Manybooks | 220 comments Mod
Phil wrote: "I thnk Bhaer brought out the best in Jo, and Laurie was just kind of an annoying tag-along. He's way better matched with Amy, who's also kind of shallow in a matching way.

To me, Jo shooting down ..."


I agree, the supposed gay subtext that some see in Little Women has annoyed me almost as much as the L.M. Montgomery "bosom friend" controversy with regard to Anne's friendship with Diana (that it was somehow a quasi Lesbian relationship at least on Annes' part).

And you are definitely preaching to the choir with regard to Jo and Professor Bhaer being more suited than Jo and Laurie. I would not go as far as considering Laurie as simply annoying but he is definitely a bit more on the surface and shallow than Jo and more suited for Amy (and this is showm very clearly in and with both sequels, insofar that both Amy and Laurie and Jo and her professor are described as having both successful and loving marriages).


message 13: by Manybooks, Active moderator (last edited Mar 22, 2017 06:05PM) (new)

Manybooks | 220 comments Mod
One thing about Little Women, it is so famous that there actually have been a number of novels that either feature the former or author Louisa May Alcott.

(view spoiler)


message 14: by Manybooks, Active moderator (new)

Manybooks | 220 comments Mod
I have read some pretty decent recent biographies on Louisa May Alcott, the best so far having been, Louisa May Alcott: A Personal Biography by Susan Cheever and Eden's Outcasts: The Story of Louisa May Alcott and Her Father by John Matteson. Now these are NOT really conceptualised for children, but are in my opinion suitable for teenagers above the age of fourteen or so.

With regard to biographies on Louisa May Alcott for specifically children, I was not all that impressed with and by Caroline Meigs' Invincible Louisa: The Story of the Author of Little Women, even if it did win the 1934 Newbery Award. I found the writing style too declamatory and moralising, so much so that it felt distracting and frustrating, tedious even. And I also did not much like how positively Bronson Alcott was depicted, when in fact, he was rather irresponsible as both a husband and a father. That being said, the book seems to still be quite popular, so perhaps my negativity a bit too personal.


message 15: by Phil (new)

Phil Jensen | 37 comments Manybooks wrote: "I was not all that impressed with and by Caroline Meigs' Invincible Louisa: The Story of the Author of Little Women,"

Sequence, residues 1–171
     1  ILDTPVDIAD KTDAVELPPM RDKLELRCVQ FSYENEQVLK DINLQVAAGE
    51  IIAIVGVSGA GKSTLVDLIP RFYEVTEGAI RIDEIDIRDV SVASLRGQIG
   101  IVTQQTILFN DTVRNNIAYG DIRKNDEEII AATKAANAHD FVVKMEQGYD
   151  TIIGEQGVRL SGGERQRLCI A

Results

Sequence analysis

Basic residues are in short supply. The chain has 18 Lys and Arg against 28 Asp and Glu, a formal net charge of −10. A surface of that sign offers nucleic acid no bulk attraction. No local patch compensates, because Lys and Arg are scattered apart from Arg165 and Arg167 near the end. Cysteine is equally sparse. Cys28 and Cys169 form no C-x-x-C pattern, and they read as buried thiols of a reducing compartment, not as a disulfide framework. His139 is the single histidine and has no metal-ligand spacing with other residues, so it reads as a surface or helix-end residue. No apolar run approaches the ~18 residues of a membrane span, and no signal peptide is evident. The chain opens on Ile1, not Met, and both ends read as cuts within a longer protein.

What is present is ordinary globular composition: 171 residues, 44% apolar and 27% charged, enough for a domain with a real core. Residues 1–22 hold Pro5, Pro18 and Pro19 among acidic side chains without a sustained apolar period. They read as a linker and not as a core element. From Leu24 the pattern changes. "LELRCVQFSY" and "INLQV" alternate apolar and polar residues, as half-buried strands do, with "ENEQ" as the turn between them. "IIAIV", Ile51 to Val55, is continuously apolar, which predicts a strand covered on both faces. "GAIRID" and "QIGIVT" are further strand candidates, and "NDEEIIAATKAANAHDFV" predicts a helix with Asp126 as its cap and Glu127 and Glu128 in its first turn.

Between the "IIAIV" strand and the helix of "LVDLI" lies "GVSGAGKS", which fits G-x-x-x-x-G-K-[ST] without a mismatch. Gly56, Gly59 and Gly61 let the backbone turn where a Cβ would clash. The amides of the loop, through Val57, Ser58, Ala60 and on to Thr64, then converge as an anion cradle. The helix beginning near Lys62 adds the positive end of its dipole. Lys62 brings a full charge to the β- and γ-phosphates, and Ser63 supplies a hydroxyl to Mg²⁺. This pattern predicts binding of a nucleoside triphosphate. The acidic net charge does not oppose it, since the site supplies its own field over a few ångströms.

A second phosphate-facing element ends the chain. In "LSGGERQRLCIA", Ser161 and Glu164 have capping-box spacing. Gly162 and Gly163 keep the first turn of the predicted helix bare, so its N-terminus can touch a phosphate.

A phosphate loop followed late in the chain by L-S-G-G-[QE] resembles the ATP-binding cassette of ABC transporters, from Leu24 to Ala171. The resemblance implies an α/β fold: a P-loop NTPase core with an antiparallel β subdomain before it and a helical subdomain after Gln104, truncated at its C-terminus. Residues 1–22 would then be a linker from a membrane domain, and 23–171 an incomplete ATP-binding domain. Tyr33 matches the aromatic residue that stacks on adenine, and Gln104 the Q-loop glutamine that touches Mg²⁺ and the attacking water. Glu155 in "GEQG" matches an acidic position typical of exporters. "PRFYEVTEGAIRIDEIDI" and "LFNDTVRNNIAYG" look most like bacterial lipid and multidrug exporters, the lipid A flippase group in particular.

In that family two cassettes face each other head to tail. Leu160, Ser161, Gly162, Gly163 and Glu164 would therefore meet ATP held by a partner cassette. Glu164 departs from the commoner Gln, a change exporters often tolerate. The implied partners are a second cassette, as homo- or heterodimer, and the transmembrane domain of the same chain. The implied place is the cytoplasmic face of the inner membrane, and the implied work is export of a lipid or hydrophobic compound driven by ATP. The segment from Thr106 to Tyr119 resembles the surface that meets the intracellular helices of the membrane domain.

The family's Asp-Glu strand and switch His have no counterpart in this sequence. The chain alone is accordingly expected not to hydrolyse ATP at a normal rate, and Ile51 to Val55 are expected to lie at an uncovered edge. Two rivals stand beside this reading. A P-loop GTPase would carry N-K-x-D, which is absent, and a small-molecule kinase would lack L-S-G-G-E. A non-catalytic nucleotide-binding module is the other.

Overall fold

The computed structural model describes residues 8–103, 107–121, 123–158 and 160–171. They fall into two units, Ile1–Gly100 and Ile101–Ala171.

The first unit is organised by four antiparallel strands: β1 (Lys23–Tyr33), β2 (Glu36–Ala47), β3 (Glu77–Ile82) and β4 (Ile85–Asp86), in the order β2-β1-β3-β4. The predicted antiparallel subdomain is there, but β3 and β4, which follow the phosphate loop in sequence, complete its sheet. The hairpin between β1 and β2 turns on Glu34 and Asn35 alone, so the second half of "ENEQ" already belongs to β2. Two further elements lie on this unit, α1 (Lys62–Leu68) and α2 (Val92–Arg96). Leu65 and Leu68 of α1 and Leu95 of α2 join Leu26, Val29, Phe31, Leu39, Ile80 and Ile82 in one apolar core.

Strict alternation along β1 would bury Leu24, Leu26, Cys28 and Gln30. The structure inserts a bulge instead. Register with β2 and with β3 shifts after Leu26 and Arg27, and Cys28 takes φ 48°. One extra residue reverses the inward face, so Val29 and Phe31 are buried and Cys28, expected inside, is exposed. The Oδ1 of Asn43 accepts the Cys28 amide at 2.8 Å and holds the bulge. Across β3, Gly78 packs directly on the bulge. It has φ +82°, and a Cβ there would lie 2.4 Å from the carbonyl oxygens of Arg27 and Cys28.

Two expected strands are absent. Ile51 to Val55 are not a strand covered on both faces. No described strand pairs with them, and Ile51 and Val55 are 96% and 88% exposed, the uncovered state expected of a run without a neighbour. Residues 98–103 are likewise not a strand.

Too bad. I'm planning to read that one soon. I was hoping it would be decent.


message 16: by Manybooks, Active moderator (last edited Feb 28, 2017 04:34PM) (new)

Manybooks | 220 comments Mod
Phil wrote: "Manybooks wrote: "I was not all that impressed with and by Caroline Meigs' Invincible Louisa: The Story of the Author of Little Women,"

Too bad. I'm planning to read that one soon. I was hoping it..."


It is relevant and you should still read it. I just did not like the writing style and could have done without the hero worshipping of Bronson Alcott, who really does not deserve such idolization. And many actually seen to find the writing beautiful although I personally do not.


message 17: by Jennifer (new)

Jennifer (JenIsNotaBookSnob) (jenisnotabooksnob) | 45 comments I meant to read this, have it sitting here at home, but just wasn't in the right mood for it. I've read it a whole bunch of times, so, maybe I'm just not ready to read it again.

I had gotten an audiobook from the library, but, HATED the voice they picked for it.. lol Oh well..


message 18: by Manybooks, Active moderator (new)

Manybooks | 220 comments Mod
Jennifer wrote: "I meant to read this, have it sitting here at home, but just wasn't in the right mood for it. I've read it a whole bunch of times, so, maybe I'm just not ready to read it again.

I had gotten an a..."


That's one of the reasons I have never warmed to audiobooks, namely if you cannot stand the tone of voice of the reader, the narrator, that really can ruin an otherwise wonderful book (I guess a good narrator can also perhaps save a less than stella book, but still, I like reading more than listening and I remember more of what I read than what I hear).


message 19: by Michael (new)

Michael Fitzgerald | 15 comments I think it's the opposite for me. I am far more likely to "skip the boring parts" when reading. With an audiobook, I get every single word, without exception. As Montgomery has been mentioned, I've done the first four Anne books on audio and found them glorious. But I would say those are good books read by good narrators. I've recently had to endure two not-so-good books read by narrators who fail on pronunciation of even basic words. Tone was fine, but I can't fathom how someone in the process could miss such things.


message 20: by Manybooks, Active moderator (new)

Manybooks | 220 comments Mod
Michael wrote: "I think it's the opposite for me. I am far more likely to "skip the boring parts" when reading. With an audiobook, I get every single word, without exception. As Montgomery has been mentioned, I've..."

I am just not at all an auditory learner and I usually have to both read and often write down information in order to lastingly remember it.